Killer hatch... almost literally (merged)



Mar 21, 2009

4 motorcyvcle accisents caused by mayflies?! Anyone see this?

Not to make light of the people who may have been injured but... Do the smallies turn on to whatever is hatching now like they do the white may flies later in summer?
I came across the bridge yesterday at 2:00pm and there wasn't a single bug. I'd think that if there were that many last night there would be remnants from the night before yesterday...i think those pics/article is from last year.

And based on the pic the flys look like white flys that come off in late July.
Bridge closure over the Susky last night. Did not say what kind of mayflies. I would guess light cahills based on time of year.

This news is confounding information about the Susky. Generally, the presence of mayflies in abundance is a sign of good water quality, yet something in that stream is affecting smallies.
What a bunch of ignorant people on that forum! Someone should educate them on beneficial native bugs.
If anyone finds out what kind of mayflies these are, please let us know.

Chaz I agree, there are some very uneducated people making strong statements on that message board. Its actually very amusing.
Here's some images borrowed from Facebook (Tim and Amanda's Freelance Photography):


The "day after" that was sent to me by a friend:

Here is a picture of the mayfly


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Yup. WGAL has a good shot of one as well. Reminds me of a hex...

I was on a pontoon boat this afternoon on Lake Clarke fishing the York County shoreline and the hatch of big mayflies was incredible. Bear in mind that these photos were taken between 2:00 - 3:00 PM this afternoon. I have attached a few photos that I took this afternoon. I am thinking that they are a Hex spp. but I will let it up to the guys that have more experience than me. Some of the piles of the mayflies under the lights on the 462 bridge from last night were about 18' - 24" in height. They definitely had an issue last night on that bridge and may very well be having the same issue tonight. Here are the photos. We did catch and release a few decent smallies this afternoon and they all looked healthy. No photos of the bass as the immediate catch and release regs were being strictly followed.


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Oregon_Owl wrote:
This news is confounding information about the Susky. Generally, the presence of mayflies in abundance is a sign of good water quality, yet something in that stream is affecting smallies.

And not only is the Susky full of mayflies, it also has a lot of stoneflies. The presence of these bugs is a main argument put forth by those who are not in favor of a declaration of impairment. I often point out to friends and casual anglers who frequently tell me the river is "polluted" to pull a rock and check the insects underneath - looks like Penns Creek.

Amazing photos. We usually think of such swarms that cause traffic problems as being associated with white flies that hatch later in summer. I'm not sure I've heard of such quantities of bugs in June.

For you Harrisburg locals: Is this a common thing in June?
Looks like tonight is a repeat of last night (as predicted). Amazing.
It was almost unbelievable yesterday afternoon along the shore of the river. I've never experienced anything like that in the middle of the afternoon. I actually saw and heard several significant sized limbs broken off by the sheer weight of the hanging mayflies. Truly an amazing sight.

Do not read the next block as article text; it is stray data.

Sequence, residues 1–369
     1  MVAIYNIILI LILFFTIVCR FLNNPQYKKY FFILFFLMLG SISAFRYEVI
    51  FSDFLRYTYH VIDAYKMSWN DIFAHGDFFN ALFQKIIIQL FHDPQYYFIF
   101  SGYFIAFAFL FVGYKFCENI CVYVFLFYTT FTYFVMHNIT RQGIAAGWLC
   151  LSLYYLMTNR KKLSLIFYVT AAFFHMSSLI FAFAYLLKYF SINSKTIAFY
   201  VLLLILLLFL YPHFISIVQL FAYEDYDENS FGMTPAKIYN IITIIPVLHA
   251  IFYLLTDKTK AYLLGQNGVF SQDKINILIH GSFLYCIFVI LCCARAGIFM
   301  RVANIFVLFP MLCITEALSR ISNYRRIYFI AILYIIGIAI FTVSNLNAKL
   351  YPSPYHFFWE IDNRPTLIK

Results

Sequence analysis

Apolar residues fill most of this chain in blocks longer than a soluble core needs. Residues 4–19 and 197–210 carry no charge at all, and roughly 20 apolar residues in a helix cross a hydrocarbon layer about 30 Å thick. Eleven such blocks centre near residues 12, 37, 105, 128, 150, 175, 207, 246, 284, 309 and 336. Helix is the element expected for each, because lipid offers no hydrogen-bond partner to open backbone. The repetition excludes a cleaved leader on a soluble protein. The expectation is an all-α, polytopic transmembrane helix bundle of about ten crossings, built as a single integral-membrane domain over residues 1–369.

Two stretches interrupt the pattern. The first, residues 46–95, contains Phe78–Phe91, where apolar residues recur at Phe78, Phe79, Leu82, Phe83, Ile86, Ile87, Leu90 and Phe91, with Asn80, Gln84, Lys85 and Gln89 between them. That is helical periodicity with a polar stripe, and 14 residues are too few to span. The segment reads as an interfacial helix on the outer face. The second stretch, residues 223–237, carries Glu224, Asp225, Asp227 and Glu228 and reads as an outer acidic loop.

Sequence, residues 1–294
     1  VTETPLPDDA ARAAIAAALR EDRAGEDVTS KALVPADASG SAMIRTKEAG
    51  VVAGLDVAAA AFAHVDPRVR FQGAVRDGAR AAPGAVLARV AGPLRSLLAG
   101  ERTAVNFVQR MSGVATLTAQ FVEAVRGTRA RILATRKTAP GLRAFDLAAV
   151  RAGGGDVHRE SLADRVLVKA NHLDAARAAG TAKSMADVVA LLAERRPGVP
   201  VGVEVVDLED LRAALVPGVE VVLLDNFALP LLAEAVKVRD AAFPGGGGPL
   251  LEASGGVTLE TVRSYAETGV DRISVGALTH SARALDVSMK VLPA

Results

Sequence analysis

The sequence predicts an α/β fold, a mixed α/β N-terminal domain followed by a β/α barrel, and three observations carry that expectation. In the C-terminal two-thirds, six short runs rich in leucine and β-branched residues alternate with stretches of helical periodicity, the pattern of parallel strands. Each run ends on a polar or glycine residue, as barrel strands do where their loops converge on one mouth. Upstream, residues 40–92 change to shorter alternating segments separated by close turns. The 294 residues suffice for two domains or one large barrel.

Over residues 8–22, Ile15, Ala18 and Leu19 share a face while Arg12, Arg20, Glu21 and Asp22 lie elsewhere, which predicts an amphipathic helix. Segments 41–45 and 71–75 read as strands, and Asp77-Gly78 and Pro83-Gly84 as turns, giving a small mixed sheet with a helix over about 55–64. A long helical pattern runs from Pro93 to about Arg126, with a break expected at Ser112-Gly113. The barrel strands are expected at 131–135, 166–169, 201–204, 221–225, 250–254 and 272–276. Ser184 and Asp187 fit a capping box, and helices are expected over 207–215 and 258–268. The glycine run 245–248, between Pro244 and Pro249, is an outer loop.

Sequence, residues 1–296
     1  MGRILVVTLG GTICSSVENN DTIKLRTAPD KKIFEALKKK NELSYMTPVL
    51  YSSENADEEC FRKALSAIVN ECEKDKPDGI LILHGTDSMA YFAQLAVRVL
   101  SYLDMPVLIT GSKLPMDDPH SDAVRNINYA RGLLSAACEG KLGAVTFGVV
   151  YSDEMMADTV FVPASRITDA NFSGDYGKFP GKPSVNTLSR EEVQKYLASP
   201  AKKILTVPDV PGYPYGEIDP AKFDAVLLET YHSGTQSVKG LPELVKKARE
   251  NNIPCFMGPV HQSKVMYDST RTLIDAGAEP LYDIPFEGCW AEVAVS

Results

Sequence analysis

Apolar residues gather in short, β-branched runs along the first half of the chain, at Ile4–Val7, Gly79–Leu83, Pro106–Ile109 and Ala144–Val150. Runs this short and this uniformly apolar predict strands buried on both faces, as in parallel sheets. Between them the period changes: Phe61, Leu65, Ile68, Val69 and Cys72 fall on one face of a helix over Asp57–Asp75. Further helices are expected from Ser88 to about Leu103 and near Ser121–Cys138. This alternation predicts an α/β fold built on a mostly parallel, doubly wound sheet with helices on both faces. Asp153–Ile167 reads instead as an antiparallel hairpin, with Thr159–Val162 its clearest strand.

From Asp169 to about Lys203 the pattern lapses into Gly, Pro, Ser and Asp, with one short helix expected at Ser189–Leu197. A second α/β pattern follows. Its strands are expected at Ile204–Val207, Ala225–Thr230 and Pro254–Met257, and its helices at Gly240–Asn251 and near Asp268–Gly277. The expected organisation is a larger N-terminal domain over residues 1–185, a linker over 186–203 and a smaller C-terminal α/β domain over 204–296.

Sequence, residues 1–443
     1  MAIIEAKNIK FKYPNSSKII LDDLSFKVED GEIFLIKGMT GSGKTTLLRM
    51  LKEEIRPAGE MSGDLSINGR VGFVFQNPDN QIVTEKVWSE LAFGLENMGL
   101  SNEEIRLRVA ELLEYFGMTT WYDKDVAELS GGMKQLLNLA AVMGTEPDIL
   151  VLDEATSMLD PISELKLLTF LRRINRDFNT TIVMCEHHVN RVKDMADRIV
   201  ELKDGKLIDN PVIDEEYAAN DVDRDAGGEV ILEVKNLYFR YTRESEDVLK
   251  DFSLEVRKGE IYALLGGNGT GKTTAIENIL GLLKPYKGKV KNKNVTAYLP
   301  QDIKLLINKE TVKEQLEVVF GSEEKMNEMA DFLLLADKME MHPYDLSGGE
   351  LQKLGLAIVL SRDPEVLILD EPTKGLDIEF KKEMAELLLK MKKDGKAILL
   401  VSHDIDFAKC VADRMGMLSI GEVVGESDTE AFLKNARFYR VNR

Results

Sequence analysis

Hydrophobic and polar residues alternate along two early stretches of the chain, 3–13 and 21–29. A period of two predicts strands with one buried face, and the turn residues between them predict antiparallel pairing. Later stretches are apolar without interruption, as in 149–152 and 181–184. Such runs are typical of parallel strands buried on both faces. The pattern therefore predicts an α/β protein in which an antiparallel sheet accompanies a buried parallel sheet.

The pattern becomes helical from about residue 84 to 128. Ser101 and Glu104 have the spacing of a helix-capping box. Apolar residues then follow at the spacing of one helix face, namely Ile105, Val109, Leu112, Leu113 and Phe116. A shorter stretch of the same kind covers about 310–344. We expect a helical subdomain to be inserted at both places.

The closeups here are all genus Hexagenia. Not 100% sure on species. The Allegheny does this every year. Twice (2 different species). I'm gonna guess Limbata based on timing. The Limbata are June, Bilineata are in July.

Old article of back when this started happening in the city (not nearly as heavy as out of the city, though). These are Limbata. Notice date of article:

And here's one of the bilineata. Again, notice date in the descriptive comment.

Hexagenia atrocaudata is usually then late August, and often coincides with the white flies. Does not seem to be in any "blizzard" swarms in PA that I'm aware of, but there's a few around.
One pick strikes me a a brown drake, one makes me want to say hex. No hatches like that around Dauphin. I have seen lots of stenos and big stones lately.

Let those 3' piles marinade all day in this heat....they'd have to be pretty ripe smelling. P U
These are all over our parking garage & buildings today in Hershey. Not sure if the Swattie is getting the same hatch or if they were blown this way from the Susky. The spiders are feasting on them.

I have photos in my files here on our building of the same mayfly from the first week of July in 2003. Haven't seen them this thick in the past however.


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One pick strikes me a a brown drake

Which one? Easy way to tell is number of tails.

Ephemerella genus has 3 (includes green, brown, and yellow drakes).

Anthopotamus (golden drakes) also have 3.

Hex's have 2.

Hence, when dealing with mayflies of this size, a good rule of thumb is 3 tails = some sort of drake and 2 tails = some sort of hex.

There are 2 exceptions, and neither are technically drakes nor hex's, though the common name does use "drake".

Iso's (aka slate drake). 2 tails.

Litobrancha recurvata (aka dark green drake). 2 tails.

I'm doubting the latter due to timing. They look similar, but typically emerge prior to the regular green drakes, whereas hex's typically come after.
Lost me Pat. Are you telling me that brown drakes hatch before green drakes do? I thought they came right after the green drakes. Also found my first few hex duns on the deck over the last 3-5 days. Where I'm located on Susky has a hex hatch but it's minimal. There is a bit heavier emergence around the time of the white fly. YMMV.